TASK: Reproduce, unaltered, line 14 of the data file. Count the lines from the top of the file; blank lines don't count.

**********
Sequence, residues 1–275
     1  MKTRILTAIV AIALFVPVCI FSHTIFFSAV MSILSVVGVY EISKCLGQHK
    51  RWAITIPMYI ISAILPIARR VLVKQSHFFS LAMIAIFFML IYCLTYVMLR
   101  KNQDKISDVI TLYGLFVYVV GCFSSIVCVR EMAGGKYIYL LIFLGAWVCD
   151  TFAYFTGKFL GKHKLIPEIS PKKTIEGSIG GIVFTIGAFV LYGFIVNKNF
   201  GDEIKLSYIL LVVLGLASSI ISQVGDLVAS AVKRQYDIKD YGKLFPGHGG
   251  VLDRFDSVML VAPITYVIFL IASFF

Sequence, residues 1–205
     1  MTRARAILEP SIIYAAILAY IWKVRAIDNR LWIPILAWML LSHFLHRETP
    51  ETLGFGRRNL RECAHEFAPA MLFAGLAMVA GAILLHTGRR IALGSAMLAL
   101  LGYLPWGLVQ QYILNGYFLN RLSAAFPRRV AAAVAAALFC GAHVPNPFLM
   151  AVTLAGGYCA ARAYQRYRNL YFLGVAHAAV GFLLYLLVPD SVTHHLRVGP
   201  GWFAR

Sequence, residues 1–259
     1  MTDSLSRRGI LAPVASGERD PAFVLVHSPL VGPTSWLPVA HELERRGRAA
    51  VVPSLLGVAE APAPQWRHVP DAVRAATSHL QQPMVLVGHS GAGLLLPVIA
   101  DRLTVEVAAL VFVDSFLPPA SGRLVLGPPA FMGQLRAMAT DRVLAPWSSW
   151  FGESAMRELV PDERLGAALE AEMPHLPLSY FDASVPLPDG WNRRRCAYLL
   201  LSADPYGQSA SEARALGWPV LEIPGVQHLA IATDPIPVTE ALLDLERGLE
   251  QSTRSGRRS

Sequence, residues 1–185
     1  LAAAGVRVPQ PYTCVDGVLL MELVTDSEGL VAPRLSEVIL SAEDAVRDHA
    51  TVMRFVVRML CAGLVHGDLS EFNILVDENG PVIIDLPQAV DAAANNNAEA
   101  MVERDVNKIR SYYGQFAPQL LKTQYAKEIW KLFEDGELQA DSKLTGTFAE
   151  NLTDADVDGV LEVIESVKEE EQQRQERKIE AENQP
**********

Sequence, residues 1–259